Letters and Manuscripts — Volume 2

289/362

Lt 79, 1874

Hall, Lucinda

Battle Creek, Michigan

December 14, 1874

Portions of this letter are published in 5MR 430; 10MR 32-33.

Dear Sister Lucinda:

We received a few lines from you evening after the Sabbath. We were sorry to learn that your health does not improve. We are more sad over this than we can express. 2LtMs, Lt 79, 1874, par. 1

I did not want you to write or to copy, only it would be a satisfaction to me to read over my matter to you and get your judgment on some points, for I cannot read them to anyone. But this you need not do if it would weary your mind. But if I could have some head in my family, someone whom the children would feel that they must respect, it would be a great relief to us. We have just got the house furnished and settled. Everything is comfortable. We have a nice warm room at the head of the kitchen stairs, with stove in it. There is a fire built in it on nights and mornings so that the children may dress by it. It is nicely carpeted with new pretty carpeting and makes a very nice sleeping room. Then if you choose, there is the bedroom below, close by the sitting room which is warm all the time. You could have a nice bureau in that for your clothes and a clothes press in the bedroom. Here you could be comfortable. 2LtMs, Lt 79, 1874, par. 2

We have very urgent invitations to come to California. They think we must come, and we may have to go and place the paper on a proper basis and select a site for office in Oakland. But if we can plead off, we shall do so. We are settled here for winter. We have plenty of apples and potatoes in the cellar for winter, and were never so comfortably situated as now. We have a good girl, an excellent cook. If you could take some little oversight of the children, if we stay, it would relieve me. I leave them all day and write at the office. They are real good. They talk of good Mrs. Hall, how they want to see her. If we go to California, you need not go. We shall need you all the more to be as a head in the family and I shall feel that the little girls will be safe. 2LtMs, Lt 79, 1874, par. 3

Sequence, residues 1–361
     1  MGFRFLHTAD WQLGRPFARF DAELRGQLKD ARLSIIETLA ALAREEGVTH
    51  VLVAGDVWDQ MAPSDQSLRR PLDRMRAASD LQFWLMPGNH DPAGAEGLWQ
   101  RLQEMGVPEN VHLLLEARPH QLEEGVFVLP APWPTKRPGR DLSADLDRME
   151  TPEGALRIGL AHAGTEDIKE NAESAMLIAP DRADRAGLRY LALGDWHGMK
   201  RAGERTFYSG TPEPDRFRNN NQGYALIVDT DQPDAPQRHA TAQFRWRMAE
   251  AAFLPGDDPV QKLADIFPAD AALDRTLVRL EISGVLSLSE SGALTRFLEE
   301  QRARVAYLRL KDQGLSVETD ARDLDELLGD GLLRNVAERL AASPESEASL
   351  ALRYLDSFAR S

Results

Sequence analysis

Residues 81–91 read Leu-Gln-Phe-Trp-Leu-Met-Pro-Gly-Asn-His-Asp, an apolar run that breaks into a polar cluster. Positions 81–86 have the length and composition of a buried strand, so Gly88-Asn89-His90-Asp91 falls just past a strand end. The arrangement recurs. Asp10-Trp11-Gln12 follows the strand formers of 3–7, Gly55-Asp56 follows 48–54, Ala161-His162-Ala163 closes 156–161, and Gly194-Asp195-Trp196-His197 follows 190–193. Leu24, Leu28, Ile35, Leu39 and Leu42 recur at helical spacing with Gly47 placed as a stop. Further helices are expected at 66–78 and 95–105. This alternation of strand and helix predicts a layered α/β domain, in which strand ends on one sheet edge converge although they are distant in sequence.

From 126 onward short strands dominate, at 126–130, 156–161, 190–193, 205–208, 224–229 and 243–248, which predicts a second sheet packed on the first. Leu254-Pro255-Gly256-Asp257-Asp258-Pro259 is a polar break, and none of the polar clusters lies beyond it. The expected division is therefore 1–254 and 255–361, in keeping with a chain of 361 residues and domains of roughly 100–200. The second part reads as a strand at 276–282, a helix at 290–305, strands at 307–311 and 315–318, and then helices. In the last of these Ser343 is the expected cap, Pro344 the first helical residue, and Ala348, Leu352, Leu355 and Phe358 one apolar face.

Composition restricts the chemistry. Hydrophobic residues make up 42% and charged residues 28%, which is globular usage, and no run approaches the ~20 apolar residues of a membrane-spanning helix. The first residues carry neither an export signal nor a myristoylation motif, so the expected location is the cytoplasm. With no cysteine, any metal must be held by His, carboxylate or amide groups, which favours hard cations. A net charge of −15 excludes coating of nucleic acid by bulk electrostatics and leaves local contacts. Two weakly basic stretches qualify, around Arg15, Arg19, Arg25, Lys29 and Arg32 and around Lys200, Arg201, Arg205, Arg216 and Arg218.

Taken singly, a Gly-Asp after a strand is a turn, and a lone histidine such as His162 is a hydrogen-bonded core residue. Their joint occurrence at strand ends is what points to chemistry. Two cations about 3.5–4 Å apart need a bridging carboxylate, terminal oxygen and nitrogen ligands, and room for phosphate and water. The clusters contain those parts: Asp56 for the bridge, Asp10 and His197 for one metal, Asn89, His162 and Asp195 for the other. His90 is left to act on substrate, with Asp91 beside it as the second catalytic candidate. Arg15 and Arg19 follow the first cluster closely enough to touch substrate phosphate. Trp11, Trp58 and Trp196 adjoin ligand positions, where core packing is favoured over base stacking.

Now Lucinda, this is the last letter of entreaty I shall send you. I don’t believe in this pulling, hauling business. If you had much rather, and would be happier and more free from care, to remain where you are, we will not do anything like urging and making you unhappy. 2LtMs, Lt 79, 1874, par. 4

I heard that Mary was coming out. Will you come with her? The expense shall be nothing to you. We care not for the expense. It is not settled that we shall go to California. We can do our writing here now as well as anywhere after the Biblical Institute has closed. 2LtMs, Lt 79, 1874, par. 5

One week ago last Sabbath we had a most excellent meeting. My husband spoke in forenoon. I spoke with great freedom in afternoon. I then called for the youth who were attending our schools to come forward. About forty responded. We had a very solemn season. Meetings have been held during the week nearly every evening. I spoke Sunday night and about one hundred came forward. 2LtMs, Lt 79, 1874, par. 6

Yesterday there was another very solemn meeting. In forenoon my husband preached Sister Sanborn’s funeral discourse. I spoke with special freedom in afternoon. The special call was made for sinners to come forward. We had a large response. Quite a large number are seeking the Lord for the first time. The presence of God was in the meeting. We hope to see a great revival in the church. We feel that God is waiting to be gracious. He is ready to bless His people. In the evening we had the ordinances, sacrament and washing of feet. We had the largest number that ever engaged in this ordinance of feet washing. It was a very impressive meeting. We think that many are settling into the work. We expect that the meetings for the next two weeks will be of special interest. 2LtMs, Lt 79, 1874, par. 7

Three young men have come from California to attend the Biblical lectures. One is Brosen [?]. The other two have just embraced the Sabbath. Their names are Allen, two brothers. The eldest is twenty-one. He is professor of languages, Master of Arts. His brother is two years younger. Both are very promising young men and it would have pleased you to see them for the first time engaging in washing feet. These young men are of the right stamp. They are conscientious and humble and intelligent. We have them at our house. They will stay with us during the lectures. We shall have two girls to do the work during these lectures. But we should be so very glad for your presence. 2LtMs, Lt 79, 1874, par. 8

We are making comfortables. We tacked off three last Thursday afternoon and evening. The little children are great company for James. He is cheerful under all circumstances as he has not been for years. 2LtMs, Lt 79, 1874, par. 9

If you feel clear to stay where you are, we will not urge you, for I believe God will teach you; but this, I think, will be the last letter I shall write to you saying, Come. I don’t want to write for the sake of stirring your mind up and making you unhappy. You should have peace somewhere. So be at peace and may God bless you. 2LtMs, Lt 79, 1874, par. 10

I have been working at Testimony No. 24. Have out four forms already; two more are to be printed before the book is complete. I have Redemption nearly completed. I have never been more busy than I have for a few weeks past. That is why I wrote you so few lines. Love to all the family. 2LtMs, Lt 79, 1874, par. 11